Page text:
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Perkins+Will and Riverkeeper Unveil Plans To Revitalize Two New York City Waterways

Newtown Creek and Flushing Waterways “Vision Plans” offer opportunities for economic growth, environmental protection and outdoor recreation for New Yorkers

Global architecture and design firm Perkins+Will, in collaboration with clean water advocate Riverkeeper, has unveiled plans to restore, revitalize and transform two of New York City’s most important, but often forgotten, waterfronts — Newtown Creek and Flushing Waterways.

The plans, created with input from area residents and local stakeholders, present more than 135 opportunities to rehabilitate these neglected bodies of water, their shores and the communities they border. Once implemented, the plans would restore native salt marsh habitats, make the shores more accessible to the public for recreational activities, spur economic growth by creating employment opportunities, and help protect the areas from potential future floods and rising sea levels. Newtown Creek, located just across the East River from Midtown Manhattan, occupies an area of about 1,000 acres between Brooklyn and Queens. Flushing Waterways span 600 acres between LaGuardia Airport, Willets Point, downtown Flushing and Flushing Meadows Corona Park.

“The potential social, economic and environmental benefits of restoring these waterways and their abutting neighborhoods are significant,” says Mike Aziz, senior urban designer at Perkins+Will and co-leader of the planning process. “Our work creates a new model for urban industrial waterways that emphasizes resilience, remediation, recreation and restoration equally.”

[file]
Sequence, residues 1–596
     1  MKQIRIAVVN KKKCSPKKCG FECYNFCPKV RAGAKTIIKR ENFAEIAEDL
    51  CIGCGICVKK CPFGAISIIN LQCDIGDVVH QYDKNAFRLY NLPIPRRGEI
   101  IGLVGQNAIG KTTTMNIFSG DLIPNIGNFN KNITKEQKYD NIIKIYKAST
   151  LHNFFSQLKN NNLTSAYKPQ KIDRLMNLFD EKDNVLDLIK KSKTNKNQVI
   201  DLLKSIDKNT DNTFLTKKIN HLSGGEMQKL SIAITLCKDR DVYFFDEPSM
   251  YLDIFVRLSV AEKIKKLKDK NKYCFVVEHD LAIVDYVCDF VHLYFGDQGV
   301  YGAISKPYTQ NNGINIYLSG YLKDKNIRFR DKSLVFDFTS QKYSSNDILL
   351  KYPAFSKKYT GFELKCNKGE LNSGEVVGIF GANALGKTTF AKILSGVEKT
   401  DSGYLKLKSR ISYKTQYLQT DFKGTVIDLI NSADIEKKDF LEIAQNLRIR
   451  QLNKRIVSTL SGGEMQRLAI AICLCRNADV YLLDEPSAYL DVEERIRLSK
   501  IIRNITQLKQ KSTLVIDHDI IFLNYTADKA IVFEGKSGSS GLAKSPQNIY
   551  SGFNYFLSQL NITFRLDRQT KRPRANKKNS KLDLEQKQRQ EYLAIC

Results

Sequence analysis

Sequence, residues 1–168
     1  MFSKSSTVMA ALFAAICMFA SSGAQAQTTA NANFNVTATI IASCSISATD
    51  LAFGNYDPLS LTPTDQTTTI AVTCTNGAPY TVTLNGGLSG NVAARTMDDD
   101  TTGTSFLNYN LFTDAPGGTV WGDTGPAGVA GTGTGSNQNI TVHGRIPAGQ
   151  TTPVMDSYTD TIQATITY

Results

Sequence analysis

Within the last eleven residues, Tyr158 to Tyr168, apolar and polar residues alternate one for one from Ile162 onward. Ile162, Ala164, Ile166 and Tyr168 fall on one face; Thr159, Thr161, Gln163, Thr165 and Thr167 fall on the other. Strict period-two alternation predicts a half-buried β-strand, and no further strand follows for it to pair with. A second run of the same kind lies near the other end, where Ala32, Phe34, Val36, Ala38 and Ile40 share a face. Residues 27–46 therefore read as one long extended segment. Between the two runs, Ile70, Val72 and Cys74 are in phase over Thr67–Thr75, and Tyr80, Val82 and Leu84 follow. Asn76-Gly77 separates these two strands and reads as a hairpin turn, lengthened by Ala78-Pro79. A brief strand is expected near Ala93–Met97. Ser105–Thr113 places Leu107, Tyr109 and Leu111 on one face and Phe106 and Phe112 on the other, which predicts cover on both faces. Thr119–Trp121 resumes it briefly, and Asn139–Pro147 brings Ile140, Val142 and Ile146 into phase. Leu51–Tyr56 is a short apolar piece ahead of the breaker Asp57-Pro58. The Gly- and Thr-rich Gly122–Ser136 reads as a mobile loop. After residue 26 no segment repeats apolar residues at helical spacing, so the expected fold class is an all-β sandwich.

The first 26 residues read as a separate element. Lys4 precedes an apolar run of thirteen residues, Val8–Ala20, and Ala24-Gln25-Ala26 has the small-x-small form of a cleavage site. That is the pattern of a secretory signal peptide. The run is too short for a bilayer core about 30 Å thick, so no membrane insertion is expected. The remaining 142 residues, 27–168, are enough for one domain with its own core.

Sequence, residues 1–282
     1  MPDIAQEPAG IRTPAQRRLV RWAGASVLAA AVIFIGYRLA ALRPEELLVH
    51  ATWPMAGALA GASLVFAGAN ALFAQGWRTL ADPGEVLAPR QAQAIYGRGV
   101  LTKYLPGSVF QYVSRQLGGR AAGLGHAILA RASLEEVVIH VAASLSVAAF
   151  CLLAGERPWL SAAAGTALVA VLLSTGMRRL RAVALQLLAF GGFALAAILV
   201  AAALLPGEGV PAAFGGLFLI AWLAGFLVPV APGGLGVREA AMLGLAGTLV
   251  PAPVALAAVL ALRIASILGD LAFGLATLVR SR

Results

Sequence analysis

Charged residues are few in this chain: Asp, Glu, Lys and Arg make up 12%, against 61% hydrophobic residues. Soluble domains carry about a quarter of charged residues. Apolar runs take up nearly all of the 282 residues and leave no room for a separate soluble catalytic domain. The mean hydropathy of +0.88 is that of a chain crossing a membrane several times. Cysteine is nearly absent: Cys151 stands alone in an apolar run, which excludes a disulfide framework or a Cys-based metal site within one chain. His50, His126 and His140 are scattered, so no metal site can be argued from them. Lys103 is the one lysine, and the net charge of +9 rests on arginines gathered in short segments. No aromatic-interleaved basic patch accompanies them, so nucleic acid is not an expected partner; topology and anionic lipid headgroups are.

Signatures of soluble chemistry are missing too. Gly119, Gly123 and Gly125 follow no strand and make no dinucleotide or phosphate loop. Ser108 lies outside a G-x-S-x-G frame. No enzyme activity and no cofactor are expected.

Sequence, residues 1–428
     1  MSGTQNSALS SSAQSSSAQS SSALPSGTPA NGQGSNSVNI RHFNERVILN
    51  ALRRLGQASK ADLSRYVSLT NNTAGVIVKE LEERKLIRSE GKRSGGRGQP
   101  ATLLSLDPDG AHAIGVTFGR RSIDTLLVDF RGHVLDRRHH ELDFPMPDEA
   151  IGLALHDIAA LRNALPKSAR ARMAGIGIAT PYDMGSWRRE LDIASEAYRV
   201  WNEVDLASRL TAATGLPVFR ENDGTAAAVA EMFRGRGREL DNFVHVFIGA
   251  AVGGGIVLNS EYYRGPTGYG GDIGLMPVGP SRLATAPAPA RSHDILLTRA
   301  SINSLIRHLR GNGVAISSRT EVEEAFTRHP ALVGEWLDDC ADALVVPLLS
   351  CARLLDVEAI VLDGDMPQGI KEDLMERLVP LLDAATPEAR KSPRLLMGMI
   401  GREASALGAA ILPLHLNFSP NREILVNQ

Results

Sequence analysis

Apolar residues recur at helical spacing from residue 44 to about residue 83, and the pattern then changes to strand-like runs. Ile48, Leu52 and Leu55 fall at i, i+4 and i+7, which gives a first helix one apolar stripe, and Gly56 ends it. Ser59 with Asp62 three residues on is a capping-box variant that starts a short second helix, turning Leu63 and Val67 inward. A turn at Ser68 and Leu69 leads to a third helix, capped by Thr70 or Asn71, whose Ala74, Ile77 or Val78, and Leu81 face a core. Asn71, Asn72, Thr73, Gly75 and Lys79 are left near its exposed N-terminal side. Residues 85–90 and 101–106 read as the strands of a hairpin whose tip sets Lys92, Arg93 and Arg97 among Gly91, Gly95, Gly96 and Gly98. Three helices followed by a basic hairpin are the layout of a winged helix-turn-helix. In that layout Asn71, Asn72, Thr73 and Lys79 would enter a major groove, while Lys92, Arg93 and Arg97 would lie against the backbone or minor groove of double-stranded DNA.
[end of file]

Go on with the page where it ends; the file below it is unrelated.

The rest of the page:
The work is the culmination of more than 50 meetings and workshops with community members in which residents exchanged ideas and contributed opinions, says Aziz’s colleague and senior urban designer Daniel Windsor.

“We really got to know the people who live, work and spend time in these communities, and we learned a lot about what makes the waterways so valuable to them,” Windsor says. “Their active involvement and enthusiasm for the project were key, and really drove the entire process.”

From Contamination to Transformation: New Yorkers Reimagine Newtown Creek

Newtown Creek has suffered from over a century of industrial contamination, including decades of oil seepage and chronic sewage overflows. America’s first oil refinery began operations along its banks in 1867, and the creek soon became one of the most heavily used — and polluted — waterways in the Port of New York. Today, it harbors an estimated 30 million gallons of spilled oil and associated toxins.

In 2010, Newtown Creek was made a part of the U.S. Environmental Protection Agency’s (EPA) Superfund program, through which the federal government manages and pays for toxic site remediation. Perkins+Will’s and Riverkeeper’s plan for the creek — which also received substantial input from the grassroots organization Newtown Creek Alliance — is intended to help the community prepare for the remediation and set broader social, environmental and economic goals. Solutions include stormwater infrastructure and habitat restoration, new public space, industrial redevelopment, and flood protection.